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About job interviews… and why they (usually) suck.

Almost every programmer starts his own career with a job interview. First step – phone call. Next is Skype call, few technical questions, maybe a little coding session. If You’re good enough then You proceed to on-site tests. And there You have to do the same thing again: answer many technical questions and write some code. The problem is that this entire process costs time (and, in result, money) and usually is pointless.

What are they looking for?

After quite a few interviews I realized that the majority of recruiters don’t care about intelligence, self-sufficiency, cleverness and basic understanding of a problem. They only want to know if You know answers for their, strictly technical, questions. Let’s consider a simple example.

Please imagine that the recruiter wants to know if you are familiar with transactions in Java. What will be his question? In 90% of situations he will ask: “Do you know @transactional annotation?”. You don’t have to think, solve any problem, anything like that. Just answer the question, recite the definition and move on.

How should the proper question look? “Imagine that you have a service method that modifies many objects persisted in a database, one after another. You know, sequence of actions. Something went wrong and in the middle of execution an exception has been thrown. How would you take care about rolling back application’s model to the latest stable state?

See the difference? Next question could be: “How would You solve the same problem in Java?”.

Recruiters shouldn’t be checking if the programmer knows given solution of a problem. They should check if the programmer knows any good solution and, if not, if he can deduce something on the fly.

Speaking of @transactional question. What if the programmer knows how to open and close a transaction in Java but he doesn’t know that there exists @transactional annotation that does it automatically? Well, it depends on the question asked by the recruiter.

In case of the first, strictly technical, very specific question – programmer will not know the answer. Recruiter will think that the programmer does not know the mechanism behind transactions.

What about the second question? Programmer knows how to solve the problem, knows transactions, maybe he will offer few different solutions, describe benefits of each one. And definitely he can catch up with @transactional annotation in literally 5 minutes.

This is what I hate in interviews. Majority of recruiters don’t test my skills, they test my memory. I have an API, IDE, Google, I am able to find answer to any technical question in less than 5 minutes. What I cannot do in less than 5 minutes is learn to think about problems, analyze them, find solutions and compare them.

Recruiters should be checking if the programmer knows how to approach the problem and find the best solution. Lack of knowledge can be filled up in 5 minutes in contrast the lack of cleverness.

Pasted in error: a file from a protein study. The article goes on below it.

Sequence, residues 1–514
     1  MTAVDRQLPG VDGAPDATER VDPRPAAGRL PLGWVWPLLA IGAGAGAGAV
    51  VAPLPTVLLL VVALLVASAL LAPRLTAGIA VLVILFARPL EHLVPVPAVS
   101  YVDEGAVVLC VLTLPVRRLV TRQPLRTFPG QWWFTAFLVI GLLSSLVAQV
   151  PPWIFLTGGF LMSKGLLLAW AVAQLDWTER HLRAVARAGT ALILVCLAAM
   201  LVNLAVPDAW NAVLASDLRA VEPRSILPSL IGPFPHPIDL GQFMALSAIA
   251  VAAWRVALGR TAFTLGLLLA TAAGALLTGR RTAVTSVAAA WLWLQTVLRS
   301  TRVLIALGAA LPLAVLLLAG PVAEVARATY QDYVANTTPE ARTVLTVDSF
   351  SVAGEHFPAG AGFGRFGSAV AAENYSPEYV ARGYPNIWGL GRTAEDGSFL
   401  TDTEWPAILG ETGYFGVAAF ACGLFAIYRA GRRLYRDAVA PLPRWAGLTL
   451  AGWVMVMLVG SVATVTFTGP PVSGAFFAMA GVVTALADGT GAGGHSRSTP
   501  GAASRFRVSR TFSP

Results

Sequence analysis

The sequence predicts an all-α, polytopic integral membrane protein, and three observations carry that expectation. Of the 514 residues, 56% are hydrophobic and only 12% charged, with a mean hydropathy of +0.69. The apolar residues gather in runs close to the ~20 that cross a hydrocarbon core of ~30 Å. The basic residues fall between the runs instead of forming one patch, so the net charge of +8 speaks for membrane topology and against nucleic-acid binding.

Funny interviews

Sentences quoted below are real.

Situation 1

“Do you know book X written by Y? How many technical books have you read over last 3 months? And over last year? Could you give me 3 titles?”

In my life I bought around 5 technical books. Now I see that only 1 book was worth buying. “Clean Code” by Robert C. Martin. The rest was obsolete. Why? Because majority of books just copy contents of API descriptions, online guides, webinars etc. It’s available for free online. Another thing is that technology changes so fast. You finish reading “Django 1.9 recipes” and after 2 months you have to grab “Django 1.10 recipes” because new version of the framework has been released.

Anyway, what’s the point of asking the programmer if he reads technical books?

Situation 2

I have been classified as a regular Java developer because I didn’t know framework known by the recruiter. Despite the fact I have answered all other questions. So remember, if you don’t know something that recruiter knows then your seniority becomes lower.

To be more precise – recruiter didn’t ask about Spring or Hibernate. He asked about Grails. You don’t know Grails? You can be mid-level Java developer at highest. Ridiculous.

By the way, Grails is a Groovy web framework, it’s not pure Java thing. So why asking about that during Java interview?

Situation 3

This is the funniest one. During the interview I told something like: “now you are going to ask me about X”. And… I was correct! Interviewer gathered questions from one of the very first web pages found after typing “Java interview questions” in Google and he read them one by one. It seems to be quite unprofessional. Luckily I was aware of those sites, I have studied them many, many times.

Anyway, the interviewer was stunned. Priceless.

Smart recruiters

This is my subiective opinion on what should or should not smart recruiters do:

  • Do not ask about the API. “Is there a method named Foo.doCalculations or Foo.calculate?” Does it matter? I can check it in the API or ask IDE. Solving this “problem” takes less than 5 seconds.
  • Be proficient in the area you are asking about. Another problem is that recruitments are often run by non-technical people. It leads to stupid, strictly technical questions downloaded from the internet.
  • Test candidate’s ability to think and solve problems without spoiling any solution.
  • Ask about general concepts (thread pool management, reflection) rather than specific implementations. Details might come later.

Simply ask yourself what kind of questions would you expect from the recruiter.

Marcin Skiba

Marcin is a full stack software developer based in Łódź, Poland. He loves to learn new technologies, improve coding skills and share his knowledge with others.

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